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February 2014
Position Paper of
FEM Product Group Cranes and Lifting Equipment -
Sub-Group Tower and harbor Cranes
Guidelines for considering tower crane loads on supporting structures
Legal Note: This publication is only for guidance and gives an overview regarding the assessment of tower
crane loads on supporting structures. It neither claims to cover any aspect of the matter, nor does it reflect all
legal aspects in detail. It is not meant to, and cannot, replace own knowledge of the pertaining directives,
laws and regulations. Furthermore the specific characteristics of the individual products and the various
possible applications have to be taken into account. This is why, apart fromthe assessments and procedures
addressed in this guide, many other scenarios may apply.
FEM
Created in 1953, the European Materials Handling Federation (www.fem-eur.com) represents, defends and
promotes European manufacturers of materials handling, lifting and storage equipment including cranes and
lifting equipment and particular tower cranes.
The FEM Product Group Cranes and Lifting Equipment's - Subgroup Tower and Harbor Cranes - mission is
to represent the interest of tower crane manufacturers in Europe.
Contact:
Cosette Dussaugey
Cisma
45 Rue Louis Blanc
F-92400 Courbevoie
E-mail: cosette.dussaugey@cisma.fr
Tel: +33(0)1 47 17 63 21 Fax: +33(0)1 47 17 62 60
FDRATION EUROPENNE DE LA MANUTENTION
Product Group
Krane und Hebezeuge
Cranes and Lifting Equipment
Grues et ponts roulants et Appareils de levage
Tower cranes - Guidelines for considering tower crane loads on supporting structures
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0-Foreword / Introduction
This position paper reflects the opinion of FEM with regard to state of the art. It clarifies the different
responsibilities regarding the design of supporting structures for the installation of tower cranes on European
construction sites.
This document provides information on the interpretation and use of the static data contained in the
instruction manual of tower cranes. The explanations are intended to contribute to plan safe and economical
crane operations by giving guidelines for determining loads for the design of crane supporting structures.
These guidelines should be considered as minimum requirements. National regulations may require different
rules and/or safety factors.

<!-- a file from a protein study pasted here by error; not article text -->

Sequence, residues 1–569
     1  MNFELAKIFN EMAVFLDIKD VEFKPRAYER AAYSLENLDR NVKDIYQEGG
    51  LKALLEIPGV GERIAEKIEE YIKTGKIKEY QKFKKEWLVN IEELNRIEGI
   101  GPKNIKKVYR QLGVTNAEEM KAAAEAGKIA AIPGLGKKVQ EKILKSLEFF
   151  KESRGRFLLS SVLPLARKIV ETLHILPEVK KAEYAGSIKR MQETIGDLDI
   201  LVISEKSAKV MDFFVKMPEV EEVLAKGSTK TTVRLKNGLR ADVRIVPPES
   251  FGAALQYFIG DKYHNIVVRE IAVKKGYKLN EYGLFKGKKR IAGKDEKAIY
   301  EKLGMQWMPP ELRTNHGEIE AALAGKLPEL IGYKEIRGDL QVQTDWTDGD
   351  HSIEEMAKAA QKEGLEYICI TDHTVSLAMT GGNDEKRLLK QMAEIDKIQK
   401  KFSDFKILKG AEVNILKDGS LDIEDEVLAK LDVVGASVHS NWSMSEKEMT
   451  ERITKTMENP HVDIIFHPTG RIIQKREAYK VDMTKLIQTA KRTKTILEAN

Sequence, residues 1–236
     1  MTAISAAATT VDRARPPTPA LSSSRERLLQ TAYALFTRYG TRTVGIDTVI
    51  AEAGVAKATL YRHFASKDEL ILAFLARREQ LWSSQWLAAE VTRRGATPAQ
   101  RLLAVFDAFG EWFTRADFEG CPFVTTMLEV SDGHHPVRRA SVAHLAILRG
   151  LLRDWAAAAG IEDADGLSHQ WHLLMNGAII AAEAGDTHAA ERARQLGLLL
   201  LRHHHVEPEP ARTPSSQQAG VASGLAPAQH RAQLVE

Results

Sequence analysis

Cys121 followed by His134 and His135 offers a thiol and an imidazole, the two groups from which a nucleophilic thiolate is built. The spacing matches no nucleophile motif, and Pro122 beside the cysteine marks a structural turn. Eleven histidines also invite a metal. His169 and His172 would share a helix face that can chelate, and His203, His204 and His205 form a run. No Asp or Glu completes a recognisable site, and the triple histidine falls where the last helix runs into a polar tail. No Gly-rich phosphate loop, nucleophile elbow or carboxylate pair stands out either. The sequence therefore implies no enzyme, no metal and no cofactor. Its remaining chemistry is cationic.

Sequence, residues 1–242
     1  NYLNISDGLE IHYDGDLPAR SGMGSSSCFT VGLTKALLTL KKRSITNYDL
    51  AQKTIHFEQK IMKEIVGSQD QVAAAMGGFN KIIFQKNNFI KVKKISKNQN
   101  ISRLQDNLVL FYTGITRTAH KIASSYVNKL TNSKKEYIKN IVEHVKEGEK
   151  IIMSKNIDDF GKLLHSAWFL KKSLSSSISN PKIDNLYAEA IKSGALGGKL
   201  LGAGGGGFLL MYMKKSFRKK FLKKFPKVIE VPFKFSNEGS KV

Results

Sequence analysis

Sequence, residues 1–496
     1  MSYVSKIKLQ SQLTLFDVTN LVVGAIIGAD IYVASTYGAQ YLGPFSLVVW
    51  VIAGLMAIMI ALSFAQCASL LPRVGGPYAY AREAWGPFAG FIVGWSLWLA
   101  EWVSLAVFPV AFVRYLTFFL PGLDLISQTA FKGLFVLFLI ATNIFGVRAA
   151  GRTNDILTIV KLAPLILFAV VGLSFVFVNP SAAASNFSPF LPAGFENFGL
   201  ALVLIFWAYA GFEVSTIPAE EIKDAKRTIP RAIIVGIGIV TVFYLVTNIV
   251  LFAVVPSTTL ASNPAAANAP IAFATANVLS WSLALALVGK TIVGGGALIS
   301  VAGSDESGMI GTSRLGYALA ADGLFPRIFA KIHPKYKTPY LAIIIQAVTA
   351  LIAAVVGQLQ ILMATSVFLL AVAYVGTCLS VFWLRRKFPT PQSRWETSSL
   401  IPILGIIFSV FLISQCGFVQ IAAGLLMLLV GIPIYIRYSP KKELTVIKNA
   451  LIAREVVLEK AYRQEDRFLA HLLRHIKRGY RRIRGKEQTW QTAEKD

I-Tower cranes loads on supporting structures
I-1 General
Tower crane loads on supporting structures shall be determined by tower crane manufacturers using
EN14439 Cranes - Safety - Tower Cranes which is an harmonised standard giving presumption of
conformity to the EU law Machinery Directive 2006/42/EC.
This calculation differs from the Eurocodes
1
which are not fully applicable due to a different approach
regarding the types of load actions and load combinations as well as the rules regarding the combination of
these load actions and their partial safety factors.
I-2 Loads description
This reflects the opinion of FEM. Loads on tower crane supporting structures are necessary to enable the
crane operating companies to perform all essential proof calculations. Thereby the different requirements on
the loads regarding the different types of proofs have to be considered.
Loads on crane support structures are usually:
Foundation loads of cranes erected on concrete foundation
Corner loads of cranes using undercarriage or foundation cross
Anchoring loads of cranes climbing in- or outside a building
These loads result from combinations of the following elementary load actions:
Effects of gravity on the crane dead weight and on the hoist load
Inertia loads from crane movements/accelerations of all crane drives on the crane structure and the hoist
load
Effects of the wind pressure on the crane structure and the hoist load
The load combinations, as a set of associated and dependent load actions, leading to the maximum resulting
load effects of the tower crane on supporting structure are highly dependent on the tower crane configuration.
Thereby the general design of the tower crane, the jib length, the tower height, the position of the rotating part
1
Eurocode http://www.eurocode-online.de/
Tower cranes - Guidelines for considering tower crane loads on supporting structures
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of the slewing tower crane related to the fixed part of the crane structure, the size and position of the hoist
load, the combination of several inertia loads and/or the angle of attack of the wind are the most important
parameters.
Usually the maximum loads, resulting from a large number of crane configurations, are given for each of
these following situations:
In-service loads, including maximum in-service-wind
Out-of-service loads, with storm from rear and storm from front or alternatively storm from all sides
Erection loads, mainly provided as foundation loads for cranes erected on concrete foundation
Generally loads on crane supporting structures provided by tower crane manufacturers are characteristic
loads without any partial safety factors included nor dynamic factors, i.e. amplification factor due to the
dynamic response of the cranes structure under the load in consideration. Likewise, second order effects, as
an increase of the loading effects due to the cranes deformations, are usually not included unless clearly
mentioned. A separation of these resulting loads into elementary load actions is not intended due to the
above described dependency of the load action onto the crane and crane configuration.
I-3 Permanent and live loads
The reaction forces (corner reactions, foundation loads, or anchoring loads) of a tower crane predominantly
consist of the resulting load moment.